Today marks a milestone in science. British scientists announced analyzing the final sequence of DNA in the Human Genome Project. Paradoxically, of the twenty three pairs of chromosmes in the human body, the last one to be analyzed was Chromosome 1.
LONDON, England (Reuters) -- Scientists have reached a landmark point in one of the world's most important scientific projects by sequencing the last chromosome in the Human Genome, the so-called "book of life".
Chromosome 1 contains nearly twice as many genes as the average chromosome and makes up eight percent of the human genetic code.
It is packed with 3,141 genes and linked to 350 illnesses including cancer, Alzheimer's and Parkinson's disease.
"This achievement effectively closes the book on an important volume of the Human Genome Project," said Dr Simon Gregory who headed the sequencing project at the Sanger Institute in England.
The project was started in 1990 to identify the genes and DNA sequences that provide a blueprint for human beings.
And let's call it what it is: a triumph for publically funded scientific research. Several privately funded ventures set out to do the same thing, but they all were overwhelmed by the size and complexity of the project and came up short.
As I wrote in a post last July entitled, In Defense of Public Funding for Basic Research,
There are those who say that any research worth doing will appeal to private donors or for profit corporations, and so the government should not be in the research business.
Yet, when we think of the biggest scientific breakthroughs of the past century-- the splitting of the atom, landing a man on the moon, the discovery of the double helix structure of DNA, all of these were accomplished with the support of government, not of private industry.
That is not to say that private industry doesn't have a role to play in carrying out basic research. Once the private enterprises involved accepted the fact that publically financed institutions (in this case, a group of several government funded research institutions around the world acting in concert) were providing the heavy lifting for the project, a productive partnership developed. Unlike such projects as building an atomic bomb and landing a man on the moon, the immediate profitability of the genome project has generated a lot of support from private industry, primarily in the biomedical field. And that is good. But, as the article on the role of private industry points out:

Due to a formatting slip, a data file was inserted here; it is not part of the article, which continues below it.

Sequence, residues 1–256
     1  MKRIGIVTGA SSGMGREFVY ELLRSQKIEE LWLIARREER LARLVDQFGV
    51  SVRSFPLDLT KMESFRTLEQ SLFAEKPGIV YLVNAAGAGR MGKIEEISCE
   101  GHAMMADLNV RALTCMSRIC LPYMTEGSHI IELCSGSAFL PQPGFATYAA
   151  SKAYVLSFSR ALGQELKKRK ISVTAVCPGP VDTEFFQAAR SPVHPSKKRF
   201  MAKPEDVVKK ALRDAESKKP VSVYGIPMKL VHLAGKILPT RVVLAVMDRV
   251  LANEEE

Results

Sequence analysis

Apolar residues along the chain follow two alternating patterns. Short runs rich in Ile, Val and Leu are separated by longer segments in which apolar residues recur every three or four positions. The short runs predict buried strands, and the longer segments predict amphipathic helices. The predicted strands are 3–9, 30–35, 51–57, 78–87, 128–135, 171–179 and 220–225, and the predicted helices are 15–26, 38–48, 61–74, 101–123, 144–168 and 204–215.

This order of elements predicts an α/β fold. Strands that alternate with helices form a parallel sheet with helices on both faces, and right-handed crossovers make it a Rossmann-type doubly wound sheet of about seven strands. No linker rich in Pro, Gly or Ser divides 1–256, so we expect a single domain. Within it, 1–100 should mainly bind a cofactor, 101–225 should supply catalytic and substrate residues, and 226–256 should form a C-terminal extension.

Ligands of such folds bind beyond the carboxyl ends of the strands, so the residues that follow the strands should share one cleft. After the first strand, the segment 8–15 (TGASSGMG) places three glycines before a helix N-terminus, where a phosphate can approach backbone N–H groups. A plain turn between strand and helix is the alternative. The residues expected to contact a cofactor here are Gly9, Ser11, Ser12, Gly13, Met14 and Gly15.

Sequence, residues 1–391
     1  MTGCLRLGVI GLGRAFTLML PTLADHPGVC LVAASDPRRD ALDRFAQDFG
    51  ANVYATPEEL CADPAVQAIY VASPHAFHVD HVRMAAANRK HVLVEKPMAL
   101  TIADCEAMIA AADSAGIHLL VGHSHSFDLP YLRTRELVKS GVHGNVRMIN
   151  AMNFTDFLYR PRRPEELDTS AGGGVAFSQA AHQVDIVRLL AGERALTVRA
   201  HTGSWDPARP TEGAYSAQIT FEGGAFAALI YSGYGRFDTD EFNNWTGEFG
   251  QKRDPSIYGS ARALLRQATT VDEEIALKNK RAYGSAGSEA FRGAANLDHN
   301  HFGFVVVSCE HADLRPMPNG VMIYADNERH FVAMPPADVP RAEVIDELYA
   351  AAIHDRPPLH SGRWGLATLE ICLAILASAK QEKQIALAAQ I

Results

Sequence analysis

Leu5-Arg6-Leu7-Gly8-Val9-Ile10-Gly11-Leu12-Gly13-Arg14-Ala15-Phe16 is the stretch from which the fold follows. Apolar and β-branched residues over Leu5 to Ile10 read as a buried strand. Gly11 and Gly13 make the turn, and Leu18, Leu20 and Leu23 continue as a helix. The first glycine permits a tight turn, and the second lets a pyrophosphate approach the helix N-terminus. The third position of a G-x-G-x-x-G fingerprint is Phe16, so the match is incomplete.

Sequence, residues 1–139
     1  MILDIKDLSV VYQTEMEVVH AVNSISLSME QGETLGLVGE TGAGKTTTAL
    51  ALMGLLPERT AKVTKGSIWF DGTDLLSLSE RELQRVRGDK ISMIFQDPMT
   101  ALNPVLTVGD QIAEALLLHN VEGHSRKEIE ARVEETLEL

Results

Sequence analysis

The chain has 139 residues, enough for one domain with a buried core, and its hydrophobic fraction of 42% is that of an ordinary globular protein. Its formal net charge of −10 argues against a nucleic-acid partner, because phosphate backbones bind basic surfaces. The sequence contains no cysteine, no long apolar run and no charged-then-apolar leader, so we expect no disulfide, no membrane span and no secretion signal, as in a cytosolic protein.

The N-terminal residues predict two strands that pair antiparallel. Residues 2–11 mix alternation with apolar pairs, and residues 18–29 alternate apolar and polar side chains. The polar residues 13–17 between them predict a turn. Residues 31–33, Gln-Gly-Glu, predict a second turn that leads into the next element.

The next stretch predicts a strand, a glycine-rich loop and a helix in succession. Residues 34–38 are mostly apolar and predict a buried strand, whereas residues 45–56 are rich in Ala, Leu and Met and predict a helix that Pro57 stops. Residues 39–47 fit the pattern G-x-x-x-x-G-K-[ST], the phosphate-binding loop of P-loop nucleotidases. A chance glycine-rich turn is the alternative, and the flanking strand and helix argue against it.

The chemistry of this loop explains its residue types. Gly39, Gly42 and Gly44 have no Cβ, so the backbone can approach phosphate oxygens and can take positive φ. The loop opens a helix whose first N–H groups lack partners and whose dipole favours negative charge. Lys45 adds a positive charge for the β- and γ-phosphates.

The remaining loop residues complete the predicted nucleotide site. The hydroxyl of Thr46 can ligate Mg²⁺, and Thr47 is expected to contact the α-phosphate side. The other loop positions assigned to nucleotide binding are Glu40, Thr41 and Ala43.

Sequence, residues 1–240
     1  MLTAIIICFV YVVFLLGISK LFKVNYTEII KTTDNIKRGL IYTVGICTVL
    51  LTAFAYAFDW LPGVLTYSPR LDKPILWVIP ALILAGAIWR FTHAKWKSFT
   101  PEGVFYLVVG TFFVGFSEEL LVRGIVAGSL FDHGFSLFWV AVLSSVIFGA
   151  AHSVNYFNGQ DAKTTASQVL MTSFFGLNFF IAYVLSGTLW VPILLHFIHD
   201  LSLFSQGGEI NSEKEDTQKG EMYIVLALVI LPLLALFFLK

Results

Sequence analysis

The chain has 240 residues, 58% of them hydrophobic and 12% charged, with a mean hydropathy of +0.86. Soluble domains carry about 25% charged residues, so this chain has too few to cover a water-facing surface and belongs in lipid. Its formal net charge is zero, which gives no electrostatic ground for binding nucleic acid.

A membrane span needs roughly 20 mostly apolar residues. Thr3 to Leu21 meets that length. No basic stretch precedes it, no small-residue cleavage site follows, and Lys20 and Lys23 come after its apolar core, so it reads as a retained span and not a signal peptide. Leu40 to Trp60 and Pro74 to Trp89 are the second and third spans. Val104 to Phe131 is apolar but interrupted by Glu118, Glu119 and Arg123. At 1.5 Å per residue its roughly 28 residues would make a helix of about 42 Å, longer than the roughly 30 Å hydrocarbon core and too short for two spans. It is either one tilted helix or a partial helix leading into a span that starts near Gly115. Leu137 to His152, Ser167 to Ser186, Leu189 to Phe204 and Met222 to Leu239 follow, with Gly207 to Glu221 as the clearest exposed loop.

Substantial public-sector R&D investment often was needed in feasibility demonstrations before such start-up ventures as those by Celera Genomics, Incyte, and Human Genome Sciences could begin. In turn, these companies furnished valuable commercial services that the government could not provide, and the taxes returned by their successes easily repay fundamental public investments.
This makes at least three points: 1) The initial investment before the project was raised to profitability was provided by government (in this case, primarily the British government); 2) private industry does have its place, just not as the driver of the program, and 3) in the long run, this is a win/win situation, and I suspect that over the long term the British and other governments will get a substantial return on their investment as the sales of pharmaceuticals and other technology or information that come from this project produce much in the way of tax revenue.
But the really best argument in favor of public funding, the argument that really hits the ball out of the park here, is that the genome, now completed, is free and accessible to anyone who wants to look at it. Suppose for a moment, that a private company had in fact carried out this project and sequenced the entire genome. Do you suppose they would simply open it up to free inspection, and tell potential competitors, 'Here?' They would have guarded it like Colonel Sanders guarded his secret recipe, and if they let any of it out at all, you can be sure that it would have only been in pieces, and at a hefty price. In the long run, research into applications would be limited only to that company, and to those who they chose to give the information to. And to compound matters, competitors, not willing to allow that situation to continue permanently, would have certainly begun their own DNA sequencing project. So, the same research would probably be done half a dozen, a dozen or even more times, resulting in a tremendous waste of academic resources. But now, none of them will have to do that, they can go to the public database of the project, and go get anything and everything they want either for free or for a nominal fee.
I respect the ability of private industry to conduct research into those areas that immediately benefit them, but for a project of this magnitude and scope, public financing is still the best avenue to take, and one which today celebrated an enormous achievement.
Cross posted at Night Bird's Fountain.